Wall Street’s three major equity indexes ended the trading day on Monday in positive territory, but well below the session’s highs, after Trump said he would delay a planned hike in tariffs on Chinese imports.

Postponement of the tariff deadline was seen as the clearest sign yet that the two countries are closing in on an agreement to end their prolonged trade war, which has slowed global growth and disrupted markets.

However, the day’s gains were capped after weeks of advances for the S&P 500, the Dow Jones Industrial Average and the Nasdaq, that were due in no small part to trade optimism and dovish signals from the Federal Reserve.

The S&P 500 index ended 4.9 percent below its late September record closing high after narrowing the gap to 4.3 percent earlier in the session.

The Street is looking forward to the appearance by Fed Chairman Jerome Powell before a Senate committee on Tuesday.

At the same time there was growing concern over the weakening earnings estimates for the current quarter. Wall Street on Monday was expecting a 0.9 percent decline in S&P first-quarter earnings per share compared with expectations for 5.3 percent growth on Jan. 1, according to IBES data from Refinitiv.

Monday did see the S&P technology index rise 0.5 percent. The Philadelphia semiconductor index climbed 0.8 percent as chip companies have a large exposure to China.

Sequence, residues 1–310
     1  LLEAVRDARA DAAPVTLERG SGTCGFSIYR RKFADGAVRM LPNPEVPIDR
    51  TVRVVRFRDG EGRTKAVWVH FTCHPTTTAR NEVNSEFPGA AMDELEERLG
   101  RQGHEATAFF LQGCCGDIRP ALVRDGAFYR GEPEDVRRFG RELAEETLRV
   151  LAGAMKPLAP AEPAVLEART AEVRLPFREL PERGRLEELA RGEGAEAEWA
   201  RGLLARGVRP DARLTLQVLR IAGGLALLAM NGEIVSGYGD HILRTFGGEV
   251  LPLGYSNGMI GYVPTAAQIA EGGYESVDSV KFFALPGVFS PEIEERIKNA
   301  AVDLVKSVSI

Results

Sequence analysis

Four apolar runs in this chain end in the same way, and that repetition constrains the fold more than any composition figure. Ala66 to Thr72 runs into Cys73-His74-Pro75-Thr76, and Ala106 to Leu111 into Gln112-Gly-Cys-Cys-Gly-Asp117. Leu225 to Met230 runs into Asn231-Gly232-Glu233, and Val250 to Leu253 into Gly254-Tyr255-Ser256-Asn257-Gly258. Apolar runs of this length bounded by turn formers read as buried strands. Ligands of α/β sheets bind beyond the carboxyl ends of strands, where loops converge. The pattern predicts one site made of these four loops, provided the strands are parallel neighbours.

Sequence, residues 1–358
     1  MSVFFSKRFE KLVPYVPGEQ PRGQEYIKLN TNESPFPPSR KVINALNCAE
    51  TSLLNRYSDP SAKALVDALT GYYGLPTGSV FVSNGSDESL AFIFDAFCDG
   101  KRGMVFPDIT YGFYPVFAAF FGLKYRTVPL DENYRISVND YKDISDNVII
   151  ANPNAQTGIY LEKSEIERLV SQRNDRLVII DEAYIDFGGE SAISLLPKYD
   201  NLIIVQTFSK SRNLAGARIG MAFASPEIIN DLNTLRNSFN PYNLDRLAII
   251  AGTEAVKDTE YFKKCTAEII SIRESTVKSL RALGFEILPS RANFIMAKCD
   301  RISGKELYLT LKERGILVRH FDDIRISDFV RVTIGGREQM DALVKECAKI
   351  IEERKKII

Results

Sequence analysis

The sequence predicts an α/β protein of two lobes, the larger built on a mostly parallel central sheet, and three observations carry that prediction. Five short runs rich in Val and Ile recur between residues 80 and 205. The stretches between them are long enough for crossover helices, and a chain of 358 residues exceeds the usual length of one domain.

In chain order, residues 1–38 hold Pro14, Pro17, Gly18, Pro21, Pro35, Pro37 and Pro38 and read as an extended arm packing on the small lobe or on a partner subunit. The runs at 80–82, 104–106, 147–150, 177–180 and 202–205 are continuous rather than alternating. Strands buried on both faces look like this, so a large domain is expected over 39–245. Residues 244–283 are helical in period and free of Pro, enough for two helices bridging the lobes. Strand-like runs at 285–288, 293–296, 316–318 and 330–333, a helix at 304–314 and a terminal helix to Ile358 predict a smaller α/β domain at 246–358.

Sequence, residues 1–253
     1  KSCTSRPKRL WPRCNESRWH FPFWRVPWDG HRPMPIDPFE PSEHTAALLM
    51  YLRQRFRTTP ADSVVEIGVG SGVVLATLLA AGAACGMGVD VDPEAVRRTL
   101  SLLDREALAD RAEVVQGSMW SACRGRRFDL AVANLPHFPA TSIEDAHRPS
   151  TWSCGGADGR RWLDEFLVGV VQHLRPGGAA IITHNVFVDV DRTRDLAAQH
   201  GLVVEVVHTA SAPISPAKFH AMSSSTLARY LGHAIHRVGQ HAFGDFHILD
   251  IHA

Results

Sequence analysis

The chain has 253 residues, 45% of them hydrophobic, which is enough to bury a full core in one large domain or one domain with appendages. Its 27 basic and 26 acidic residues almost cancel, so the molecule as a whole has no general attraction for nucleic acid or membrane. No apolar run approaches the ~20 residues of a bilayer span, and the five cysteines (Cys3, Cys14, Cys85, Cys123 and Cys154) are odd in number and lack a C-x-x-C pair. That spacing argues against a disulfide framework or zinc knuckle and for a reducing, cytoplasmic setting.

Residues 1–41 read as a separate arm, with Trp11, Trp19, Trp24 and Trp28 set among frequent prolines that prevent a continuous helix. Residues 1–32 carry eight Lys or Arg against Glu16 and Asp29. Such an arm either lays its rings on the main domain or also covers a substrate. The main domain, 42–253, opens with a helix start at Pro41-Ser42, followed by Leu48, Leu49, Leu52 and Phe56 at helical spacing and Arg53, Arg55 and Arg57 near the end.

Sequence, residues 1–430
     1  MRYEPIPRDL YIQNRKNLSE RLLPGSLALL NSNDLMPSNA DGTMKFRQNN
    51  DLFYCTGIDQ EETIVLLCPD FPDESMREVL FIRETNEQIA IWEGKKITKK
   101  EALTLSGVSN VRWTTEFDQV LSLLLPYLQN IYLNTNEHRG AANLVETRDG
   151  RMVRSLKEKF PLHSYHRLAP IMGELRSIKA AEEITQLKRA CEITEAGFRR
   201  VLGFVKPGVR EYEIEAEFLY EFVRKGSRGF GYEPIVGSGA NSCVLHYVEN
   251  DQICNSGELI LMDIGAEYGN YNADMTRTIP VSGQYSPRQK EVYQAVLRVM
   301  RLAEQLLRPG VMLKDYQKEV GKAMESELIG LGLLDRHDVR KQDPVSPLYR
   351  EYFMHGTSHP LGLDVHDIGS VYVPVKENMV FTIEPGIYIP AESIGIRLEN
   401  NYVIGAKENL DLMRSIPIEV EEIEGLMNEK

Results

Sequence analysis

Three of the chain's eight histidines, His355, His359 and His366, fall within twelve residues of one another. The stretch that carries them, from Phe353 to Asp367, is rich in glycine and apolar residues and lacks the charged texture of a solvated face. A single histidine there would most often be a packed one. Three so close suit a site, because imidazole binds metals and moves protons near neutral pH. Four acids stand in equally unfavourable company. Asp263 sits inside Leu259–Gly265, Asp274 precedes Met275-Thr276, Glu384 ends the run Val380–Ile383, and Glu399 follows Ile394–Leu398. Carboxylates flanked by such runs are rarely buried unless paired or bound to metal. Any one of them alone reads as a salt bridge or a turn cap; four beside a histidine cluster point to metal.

The industrials sector rose 0.4 percent, getting its largest lift from General Electric, which gained 10.8 percent after announcing a sale of its biopharma business to Danaher Corp for $21.4 billion. Danaher shares rose 8.2 percent.

A flurry of M&A activity also helped the risk-on sentiment.

The Nasdaq Biotechnology Index rose 2 percent, its greatest lift coming from shares in Spark Therapeutics, which chalked up a gain of 120 percent after Swiss based Roche Holding AG agreed to acquire the company for $4.3 billion.

The laggards were the S&P’s defensive sectors – consumer staples, utilities and real estate. The consumer discretionary sector also ended down 0.3 percent, with the largest drag coming from Home Depot, down 1.3 percent, on concerns about a soft housing market ahead of its quarterly results.

Approximately 7.36 billion shares changed hands on the major domestic equity exchanges, as compared to the 7.32 billion share average over the past 20 trading days.